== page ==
Pregnant teen and boyfriend killed in horror smash after ‘give-way’ sign twisted

Pregnant teen and boyfriend killed in horror smash after ‘give-way’ sign twisted

A pregnant teenager and her 21-year-old boyfriend were killed in a car smash after a road sign was twisted 60 degrees, an inquest in the UK has heard.

Josh Alexander, 21, and Jessica Poole, 18, collided with a truck at an intersection in Kent, south-east of London, last June and crash investigators said the rotated sign and “worn lines” on the road could have been a contributing factor.

The couple were driving to work at a Chinese restaurant, where they had been earning some extra cash ahead of the arrival of their baby boy.

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Alexander, who was driving the Vauxhall Corsa as it fatally crossed the path of the truck, and Poole died from their injuries at the scene of the crash.

The give-way sign for the road they were driving on had been rotated 61 degrees and road markings were faded in several places.

Forensic collision investigator PC Simon Masterson told the inquest “there were no warning signs” leading up to the crossroads ahead.

“This could have caused confusion to the driver approaching. The worn lines and the rotated sign could have been a contributing factor,” he said.

Since the tragic accident, fresh road markings have been repainted and the give-way sign has been put back to its correct position, warning of the intersection ahead.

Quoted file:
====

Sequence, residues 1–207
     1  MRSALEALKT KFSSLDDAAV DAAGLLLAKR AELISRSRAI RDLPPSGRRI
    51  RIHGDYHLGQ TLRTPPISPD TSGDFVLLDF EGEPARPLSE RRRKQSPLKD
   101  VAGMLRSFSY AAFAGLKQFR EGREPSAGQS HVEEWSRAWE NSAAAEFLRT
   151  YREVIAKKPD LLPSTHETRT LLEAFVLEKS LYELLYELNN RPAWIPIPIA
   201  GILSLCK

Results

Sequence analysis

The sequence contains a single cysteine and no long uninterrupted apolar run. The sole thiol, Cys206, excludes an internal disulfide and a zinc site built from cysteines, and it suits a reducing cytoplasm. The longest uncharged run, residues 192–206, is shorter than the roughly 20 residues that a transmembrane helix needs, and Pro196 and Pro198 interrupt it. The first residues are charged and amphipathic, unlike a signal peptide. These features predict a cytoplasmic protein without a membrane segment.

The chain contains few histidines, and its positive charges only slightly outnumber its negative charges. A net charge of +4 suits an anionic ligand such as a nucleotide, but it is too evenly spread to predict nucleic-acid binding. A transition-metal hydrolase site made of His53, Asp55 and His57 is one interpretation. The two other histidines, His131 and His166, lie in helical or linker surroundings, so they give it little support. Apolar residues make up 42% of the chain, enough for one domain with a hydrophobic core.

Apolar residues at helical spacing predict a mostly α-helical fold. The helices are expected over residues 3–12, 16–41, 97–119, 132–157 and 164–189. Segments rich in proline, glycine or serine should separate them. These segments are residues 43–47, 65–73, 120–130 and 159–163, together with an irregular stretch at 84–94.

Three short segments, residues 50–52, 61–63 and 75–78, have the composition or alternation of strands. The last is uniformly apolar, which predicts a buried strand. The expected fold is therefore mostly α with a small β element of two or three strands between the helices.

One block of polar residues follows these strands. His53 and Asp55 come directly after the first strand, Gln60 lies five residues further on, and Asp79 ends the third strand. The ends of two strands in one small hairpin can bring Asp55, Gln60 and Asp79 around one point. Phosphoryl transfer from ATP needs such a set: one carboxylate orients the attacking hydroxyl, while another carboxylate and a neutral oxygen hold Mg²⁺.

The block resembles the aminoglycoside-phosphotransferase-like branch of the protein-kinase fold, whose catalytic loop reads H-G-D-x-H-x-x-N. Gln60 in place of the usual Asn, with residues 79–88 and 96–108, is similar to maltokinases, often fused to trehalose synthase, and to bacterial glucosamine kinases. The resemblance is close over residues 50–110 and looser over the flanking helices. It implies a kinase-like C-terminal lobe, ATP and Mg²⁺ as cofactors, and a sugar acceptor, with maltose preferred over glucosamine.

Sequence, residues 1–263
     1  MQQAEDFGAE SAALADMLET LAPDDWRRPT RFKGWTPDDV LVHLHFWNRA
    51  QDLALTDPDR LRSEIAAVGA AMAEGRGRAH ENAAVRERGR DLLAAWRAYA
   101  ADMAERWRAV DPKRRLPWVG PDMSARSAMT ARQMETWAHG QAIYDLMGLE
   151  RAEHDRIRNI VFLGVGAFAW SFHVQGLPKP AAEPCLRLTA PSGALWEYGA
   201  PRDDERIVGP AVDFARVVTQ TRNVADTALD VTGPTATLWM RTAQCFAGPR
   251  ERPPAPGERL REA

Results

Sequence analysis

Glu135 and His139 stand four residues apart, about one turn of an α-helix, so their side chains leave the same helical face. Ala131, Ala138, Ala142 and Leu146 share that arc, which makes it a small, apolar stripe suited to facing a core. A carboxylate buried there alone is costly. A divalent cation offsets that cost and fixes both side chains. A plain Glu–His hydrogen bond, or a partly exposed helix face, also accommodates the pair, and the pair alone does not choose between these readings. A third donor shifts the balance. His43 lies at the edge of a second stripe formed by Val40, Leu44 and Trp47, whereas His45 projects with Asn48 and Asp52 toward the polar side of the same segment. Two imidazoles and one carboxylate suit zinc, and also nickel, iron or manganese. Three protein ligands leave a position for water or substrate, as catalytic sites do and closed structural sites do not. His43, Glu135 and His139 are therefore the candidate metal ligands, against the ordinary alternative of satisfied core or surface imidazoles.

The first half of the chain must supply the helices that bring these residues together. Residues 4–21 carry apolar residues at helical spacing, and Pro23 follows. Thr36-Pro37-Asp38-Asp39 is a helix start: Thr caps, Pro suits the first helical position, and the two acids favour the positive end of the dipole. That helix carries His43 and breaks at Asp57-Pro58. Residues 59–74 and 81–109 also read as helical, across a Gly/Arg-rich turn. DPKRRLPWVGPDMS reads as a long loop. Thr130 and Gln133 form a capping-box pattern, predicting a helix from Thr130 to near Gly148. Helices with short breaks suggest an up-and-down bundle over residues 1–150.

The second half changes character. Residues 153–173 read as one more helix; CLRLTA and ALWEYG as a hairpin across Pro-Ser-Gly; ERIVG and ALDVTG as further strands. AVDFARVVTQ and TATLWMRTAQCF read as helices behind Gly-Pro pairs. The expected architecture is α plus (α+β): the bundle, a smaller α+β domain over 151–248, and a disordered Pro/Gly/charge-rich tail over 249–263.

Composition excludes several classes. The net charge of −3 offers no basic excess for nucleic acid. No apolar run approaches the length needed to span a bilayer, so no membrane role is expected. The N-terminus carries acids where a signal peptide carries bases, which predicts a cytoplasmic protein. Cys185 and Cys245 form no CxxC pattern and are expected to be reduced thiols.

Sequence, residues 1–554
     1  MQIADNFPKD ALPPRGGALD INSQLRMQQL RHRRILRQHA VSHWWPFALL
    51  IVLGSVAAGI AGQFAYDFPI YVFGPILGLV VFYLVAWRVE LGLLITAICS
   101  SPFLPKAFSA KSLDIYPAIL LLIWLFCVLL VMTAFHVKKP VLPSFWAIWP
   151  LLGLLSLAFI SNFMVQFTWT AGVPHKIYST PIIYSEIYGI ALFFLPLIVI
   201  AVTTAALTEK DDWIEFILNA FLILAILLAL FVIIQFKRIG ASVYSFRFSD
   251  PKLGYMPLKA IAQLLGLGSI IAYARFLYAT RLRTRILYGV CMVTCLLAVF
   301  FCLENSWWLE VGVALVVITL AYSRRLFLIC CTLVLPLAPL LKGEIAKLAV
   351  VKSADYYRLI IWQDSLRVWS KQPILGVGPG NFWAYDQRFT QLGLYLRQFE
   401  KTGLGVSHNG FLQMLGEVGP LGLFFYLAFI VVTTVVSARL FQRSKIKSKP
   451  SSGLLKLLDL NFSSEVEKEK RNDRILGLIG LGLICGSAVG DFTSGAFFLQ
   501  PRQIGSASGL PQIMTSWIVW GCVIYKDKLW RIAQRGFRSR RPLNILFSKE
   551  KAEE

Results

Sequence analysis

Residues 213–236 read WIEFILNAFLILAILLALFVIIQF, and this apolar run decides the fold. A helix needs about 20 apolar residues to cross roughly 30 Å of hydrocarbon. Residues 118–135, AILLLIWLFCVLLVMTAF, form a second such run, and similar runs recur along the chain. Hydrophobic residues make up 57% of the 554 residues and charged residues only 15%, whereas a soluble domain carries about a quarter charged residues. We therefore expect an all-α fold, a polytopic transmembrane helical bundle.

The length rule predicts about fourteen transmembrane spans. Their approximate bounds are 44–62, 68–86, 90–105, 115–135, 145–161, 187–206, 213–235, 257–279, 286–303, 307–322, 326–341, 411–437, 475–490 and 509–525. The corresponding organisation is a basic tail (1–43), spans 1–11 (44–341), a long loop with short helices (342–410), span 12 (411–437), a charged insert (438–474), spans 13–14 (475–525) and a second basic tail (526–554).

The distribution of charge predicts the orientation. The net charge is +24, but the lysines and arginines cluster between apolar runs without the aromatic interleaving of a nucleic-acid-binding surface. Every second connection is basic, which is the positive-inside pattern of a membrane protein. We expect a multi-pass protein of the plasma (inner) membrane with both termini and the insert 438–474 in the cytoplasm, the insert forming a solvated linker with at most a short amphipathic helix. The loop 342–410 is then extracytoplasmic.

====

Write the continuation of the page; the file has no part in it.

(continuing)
Dash camera footage obtained from the truck suggested Alexander may have been briefly distracted by his phone as he approached the junction.

The inquest heard Alexander regularly used his phone’s satellite navigation to help with directions while driving.

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During his investigation, PC Masterson tested three of the most common sat nav apps – Google Maps, Apple Maps and Waze – to check if any warned that an intersection lay ahead. All three apps failed to give an alert.

Based on the dash cam footage, PC Masterson told the inquest that Josh had looked “calm” and “in control of the vehicle” just before the accident.

Masterson said the Corsa had not slowed down at all as it approached the crossroad.

Crash investigators estimated Alexander was driving his car around 85-90 km/h, under the 100 km/h limit for that stretch of road.

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